Vegan Cake Mix – Everything You Need to Know
Cake mix is a pre-mixed powder that can be turned into a cake batter when you add a few extra ingredients to it. They are made up of pantry staples such as flour, sugar, cocoa powder, fat and flavourings. But is box cake mix vegan? And can you veganize cake mix? Keep reading to find out!
If you’ve ever been into baking, you’ll have most likely started out using cake mixes. I know I certainly used my fair share of them when I was a child! Boxed cake mixes are an easy way to make a cake without having to buy lots of different ingredients separately. There’s also less chance of mishap!
To make a cake mix into a cake, all you need to do is add wet ingredients, mix it all up and pop it in the oven. Typically, these wet ingredients are eggs, butter, oil, milk and water. The ingredients you need to add depends on the particular boxed cake mix you use- each one is different.
Are box cake mixes vegan?
A lot of the time, in the UK at least, they actually are! Even though the instructions say to add eggs, butter and/or milk, it’s easy to veganize cake mix. You can do this easily by using a few nifty baking hacks!
Of course, as with any food that is accidentally vegan, there are some things to watch out for. Some cake mixes include things like chocolate chips, sprinkles or colourings that may not be vegan-friendly. Non-vegan ingredients to look out for would be things like milk and milk powder, gelatine, carmine or E120, egg powder, beeswax and shellac. In the USA, sugar is sometimes processed using bone char- therefore cake mixes may not be vegan-friendly unless specifically marked as such. See: Is sugar vegan?
There are also a few boxed cake mixes that are specifically made for vegans and marked as such. The only ingredients you’ll need to add are vegan-friendly ingredients like banana, oil or water.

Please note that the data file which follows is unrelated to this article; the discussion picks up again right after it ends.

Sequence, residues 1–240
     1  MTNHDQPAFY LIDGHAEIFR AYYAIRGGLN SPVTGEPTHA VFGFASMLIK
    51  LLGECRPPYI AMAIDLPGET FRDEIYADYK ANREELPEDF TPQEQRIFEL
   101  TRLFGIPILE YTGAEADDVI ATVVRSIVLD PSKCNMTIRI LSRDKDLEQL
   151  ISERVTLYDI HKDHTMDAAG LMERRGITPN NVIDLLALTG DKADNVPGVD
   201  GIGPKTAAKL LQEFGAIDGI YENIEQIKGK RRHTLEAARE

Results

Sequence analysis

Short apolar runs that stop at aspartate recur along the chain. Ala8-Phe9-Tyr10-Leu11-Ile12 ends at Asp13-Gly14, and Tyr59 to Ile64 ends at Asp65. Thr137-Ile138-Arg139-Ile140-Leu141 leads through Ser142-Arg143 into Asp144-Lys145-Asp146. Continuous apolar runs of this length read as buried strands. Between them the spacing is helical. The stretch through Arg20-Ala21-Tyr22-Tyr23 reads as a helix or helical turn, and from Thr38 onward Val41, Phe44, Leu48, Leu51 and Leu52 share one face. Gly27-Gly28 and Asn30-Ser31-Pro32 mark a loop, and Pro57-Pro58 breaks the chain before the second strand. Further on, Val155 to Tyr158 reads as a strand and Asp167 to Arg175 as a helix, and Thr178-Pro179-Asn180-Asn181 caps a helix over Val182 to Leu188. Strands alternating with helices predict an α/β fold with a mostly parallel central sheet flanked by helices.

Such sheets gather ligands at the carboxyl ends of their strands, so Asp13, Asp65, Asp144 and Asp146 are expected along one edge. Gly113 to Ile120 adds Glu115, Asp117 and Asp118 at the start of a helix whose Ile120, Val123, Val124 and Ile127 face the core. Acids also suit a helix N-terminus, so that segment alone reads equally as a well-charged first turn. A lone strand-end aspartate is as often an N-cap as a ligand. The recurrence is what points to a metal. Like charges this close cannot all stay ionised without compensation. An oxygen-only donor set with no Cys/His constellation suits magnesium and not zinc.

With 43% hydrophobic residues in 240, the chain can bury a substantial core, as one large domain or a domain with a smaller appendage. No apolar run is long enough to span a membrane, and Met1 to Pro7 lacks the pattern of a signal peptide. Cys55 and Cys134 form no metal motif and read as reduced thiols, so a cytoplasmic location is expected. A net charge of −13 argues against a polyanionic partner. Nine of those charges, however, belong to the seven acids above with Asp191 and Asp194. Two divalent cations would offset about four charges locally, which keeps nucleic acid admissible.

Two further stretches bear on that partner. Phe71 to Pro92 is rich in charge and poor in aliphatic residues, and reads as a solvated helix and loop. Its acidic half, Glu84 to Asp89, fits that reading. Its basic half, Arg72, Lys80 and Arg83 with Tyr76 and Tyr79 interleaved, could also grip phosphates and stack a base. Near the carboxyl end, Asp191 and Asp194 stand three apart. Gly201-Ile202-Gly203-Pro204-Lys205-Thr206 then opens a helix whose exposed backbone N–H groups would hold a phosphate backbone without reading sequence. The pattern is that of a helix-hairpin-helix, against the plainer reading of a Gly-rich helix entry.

How to make cake mix vegan
So, how on Earth do you veganize cake mix?
There are many ways to make a vegan cake from boxed cake mix. The first way is by using the vegan cake mix hack. The second is to use dairy and egg substitutes.
For a butter replacement, you can use a dairy-free block butter such as Stork. If your cake mix recipe calls for margarine, you can use vegan margarine (the spreadable type that comes in a tub) instead, in the same quantity. If the cake mix box says to add melted butter or margarine, you can use vegetable oil instead if you don’t want to use vegan butter/margarine.
Milk and egg substitute
Individual milk and egg substitutes will work just fine in cake mix but sometimes they can make your cake a little dense or chewy. In my opinion, the best option for a fluffy cake would be to use vegan buttermilk in place of the eggs and milk in your cake mix. Do not add buttermilk as well as water/dairy-free milk, or the mixture will be too runny.
Add the other ingredients you need for the cake mix (usually this will be a fat such as oil), then add your vegan buttermilk in slowly until you get a cake batter consistency. You can always add more buttermilk but you can’t take it away! I’d also recommend adding a teaspoon of baking powder to the mixture too, to help the cake rise in the oven.
If you prefer not to use buttermilk, the next best egg substitute would be a flax egg or a chia seed egg. Check out my vegan egg substitute post for other alternatives and exact quantities per egg.
For a milk alternative, any dairy-free milk with exception of coconut milk can be used at a 1:1 ratio. I personally find that soy milk works the best as it’s the closest thing macro-wise to cow’s milk.
Which cake mixes are vegan-friendly?
I’ve listed some of the accidentally vegan cake mixes below and a few that have been created specifically for vegans. Keep reading to find out how to make accidentally vegan box mixes without eggs or dairy.
Accidentally vegan cake mixes